Jim’s presence reignites the desires Amanda once harbored. Introduced by Tom, she dares to hope that this caller could be the ambitious type (Williams 46). Laura, in turn, becomes a substitute for her mother’s missed opportunities during Jim’s visit. As the old-fashioned Southern Belle, Amanda yearns to control her children’s destiny. Laura’s passivity is evident in scene five when Amanda instructs her daughter to wish for “Happiness! Good fortune!” (Williams 49). Thus, Amanda sees the gentleman caller as a means to attain the financial aspect of her cherished dream, while Laura seeks true love.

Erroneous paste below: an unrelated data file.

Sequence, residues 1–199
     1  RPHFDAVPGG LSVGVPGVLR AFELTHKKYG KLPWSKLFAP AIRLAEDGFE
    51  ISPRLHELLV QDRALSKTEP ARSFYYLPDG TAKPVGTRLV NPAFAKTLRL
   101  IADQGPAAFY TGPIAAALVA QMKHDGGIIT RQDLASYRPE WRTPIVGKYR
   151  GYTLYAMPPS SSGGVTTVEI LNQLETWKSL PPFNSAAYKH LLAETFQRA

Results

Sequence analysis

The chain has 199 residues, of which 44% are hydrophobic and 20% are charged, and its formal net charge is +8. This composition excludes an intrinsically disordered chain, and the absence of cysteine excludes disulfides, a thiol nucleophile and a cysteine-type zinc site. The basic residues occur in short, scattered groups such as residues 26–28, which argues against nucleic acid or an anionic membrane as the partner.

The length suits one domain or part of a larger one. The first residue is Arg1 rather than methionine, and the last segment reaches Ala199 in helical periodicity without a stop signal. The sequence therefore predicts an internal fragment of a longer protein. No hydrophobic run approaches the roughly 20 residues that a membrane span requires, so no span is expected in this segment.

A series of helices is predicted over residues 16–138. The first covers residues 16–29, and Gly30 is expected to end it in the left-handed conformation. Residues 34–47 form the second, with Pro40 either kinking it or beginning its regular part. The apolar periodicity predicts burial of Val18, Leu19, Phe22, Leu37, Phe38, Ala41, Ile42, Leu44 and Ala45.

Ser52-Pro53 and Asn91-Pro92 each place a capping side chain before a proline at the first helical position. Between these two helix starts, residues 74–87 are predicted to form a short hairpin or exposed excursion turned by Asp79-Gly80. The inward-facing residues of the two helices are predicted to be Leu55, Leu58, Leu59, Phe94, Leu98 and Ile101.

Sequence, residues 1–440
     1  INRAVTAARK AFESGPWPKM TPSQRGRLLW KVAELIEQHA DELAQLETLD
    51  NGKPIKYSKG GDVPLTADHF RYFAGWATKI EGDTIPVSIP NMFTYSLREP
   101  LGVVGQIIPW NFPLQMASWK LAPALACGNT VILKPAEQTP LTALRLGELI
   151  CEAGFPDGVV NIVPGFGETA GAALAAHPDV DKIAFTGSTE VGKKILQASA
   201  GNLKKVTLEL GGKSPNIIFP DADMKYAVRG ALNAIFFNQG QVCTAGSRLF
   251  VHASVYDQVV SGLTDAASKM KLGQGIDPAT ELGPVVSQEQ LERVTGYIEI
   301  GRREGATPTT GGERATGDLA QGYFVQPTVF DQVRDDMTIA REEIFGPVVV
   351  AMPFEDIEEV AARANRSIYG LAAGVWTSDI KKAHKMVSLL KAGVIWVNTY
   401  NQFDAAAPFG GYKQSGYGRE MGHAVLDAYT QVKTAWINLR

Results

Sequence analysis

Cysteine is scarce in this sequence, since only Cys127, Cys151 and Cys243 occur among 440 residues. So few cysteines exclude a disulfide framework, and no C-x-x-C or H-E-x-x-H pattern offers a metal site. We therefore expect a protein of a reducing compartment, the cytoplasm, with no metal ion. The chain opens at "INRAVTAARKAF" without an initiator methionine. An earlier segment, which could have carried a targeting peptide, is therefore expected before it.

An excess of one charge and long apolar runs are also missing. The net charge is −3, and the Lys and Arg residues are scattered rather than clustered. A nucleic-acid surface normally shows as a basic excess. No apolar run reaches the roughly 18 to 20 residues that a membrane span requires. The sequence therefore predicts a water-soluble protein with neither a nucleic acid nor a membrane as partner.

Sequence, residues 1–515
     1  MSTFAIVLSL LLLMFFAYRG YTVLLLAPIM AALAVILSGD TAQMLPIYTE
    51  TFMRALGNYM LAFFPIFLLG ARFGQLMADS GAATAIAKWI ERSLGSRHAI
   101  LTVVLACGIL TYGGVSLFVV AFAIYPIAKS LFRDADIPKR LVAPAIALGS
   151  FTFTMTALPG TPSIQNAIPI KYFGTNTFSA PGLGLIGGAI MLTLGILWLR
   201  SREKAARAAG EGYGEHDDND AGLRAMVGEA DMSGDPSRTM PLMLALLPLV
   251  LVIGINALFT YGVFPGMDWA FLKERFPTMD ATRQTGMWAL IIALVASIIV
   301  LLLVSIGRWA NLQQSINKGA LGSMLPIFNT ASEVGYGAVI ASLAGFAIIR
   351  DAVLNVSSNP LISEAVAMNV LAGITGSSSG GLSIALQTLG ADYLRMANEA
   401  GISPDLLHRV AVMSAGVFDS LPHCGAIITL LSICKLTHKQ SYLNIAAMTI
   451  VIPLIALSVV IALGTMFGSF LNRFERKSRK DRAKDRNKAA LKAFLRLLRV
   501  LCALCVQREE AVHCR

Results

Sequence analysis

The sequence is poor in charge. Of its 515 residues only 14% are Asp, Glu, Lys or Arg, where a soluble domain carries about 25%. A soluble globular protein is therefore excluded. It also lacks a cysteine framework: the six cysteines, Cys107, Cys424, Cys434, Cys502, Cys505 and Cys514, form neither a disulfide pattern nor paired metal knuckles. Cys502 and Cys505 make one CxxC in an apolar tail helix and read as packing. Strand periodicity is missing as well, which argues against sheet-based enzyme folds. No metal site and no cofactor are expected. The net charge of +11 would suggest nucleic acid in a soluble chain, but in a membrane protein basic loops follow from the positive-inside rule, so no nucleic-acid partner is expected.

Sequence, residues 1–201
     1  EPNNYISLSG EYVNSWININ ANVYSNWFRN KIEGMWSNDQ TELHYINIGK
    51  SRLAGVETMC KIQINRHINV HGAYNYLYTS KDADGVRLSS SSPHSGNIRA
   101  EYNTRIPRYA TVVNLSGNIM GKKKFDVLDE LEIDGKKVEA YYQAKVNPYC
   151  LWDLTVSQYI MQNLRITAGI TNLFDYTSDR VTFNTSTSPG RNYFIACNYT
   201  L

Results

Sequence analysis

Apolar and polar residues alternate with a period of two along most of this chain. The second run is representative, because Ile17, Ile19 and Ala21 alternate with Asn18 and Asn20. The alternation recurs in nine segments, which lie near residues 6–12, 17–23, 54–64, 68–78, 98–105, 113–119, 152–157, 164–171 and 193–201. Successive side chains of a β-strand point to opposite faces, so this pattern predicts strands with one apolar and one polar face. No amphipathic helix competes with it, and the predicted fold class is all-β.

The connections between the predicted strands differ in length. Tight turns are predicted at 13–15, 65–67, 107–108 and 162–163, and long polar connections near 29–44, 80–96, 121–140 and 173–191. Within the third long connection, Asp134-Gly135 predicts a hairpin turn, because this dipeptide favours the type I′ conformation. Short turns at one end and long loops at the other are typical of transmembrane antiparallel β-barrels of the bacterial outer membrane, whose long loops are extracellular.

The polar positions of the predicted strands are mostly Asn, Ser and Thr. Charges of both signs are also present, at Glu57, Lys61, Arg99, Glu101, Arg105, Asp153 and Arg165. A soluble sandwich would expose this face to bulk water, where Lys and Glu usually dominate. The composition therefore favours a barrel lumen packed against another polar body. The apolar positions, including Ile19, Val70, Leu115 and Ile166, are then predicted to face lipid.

Amanda and Laura both live in their own imaginary worlds, similar to each other. In Laura’s case, it is the world of the glass menagerie. The impact that Jim has on this world is significant but temporary. His initial comment about Tom’s sister is that meeting a shy girl is unusual nowadays. It is Laura’s obvious fragility and inferiority complex that piques Jim’s interest. She poses a challenge for him, allowing him to demonstrate and practice his social skills that he is studying at night school. He projects all of his hopes and views about the American Dream onto Laura, though somewhat thoughtlessly. Disregarding Laura’s emotions, he starts lecturing her about her lack of self-confidence, almost like a therapy session with a doctor. However, Jim is far from being a doctor. His confusion of “Pleurosis” with “Blue Roses” is significant because it reveals his lack of knowledge and his romanticized view of the world. In his optimistic world, the Dream can still come true, whereas in Laura’s isolated world of glass, shaped by her disability and feelings of inferiority, any Dreams have long been shattered.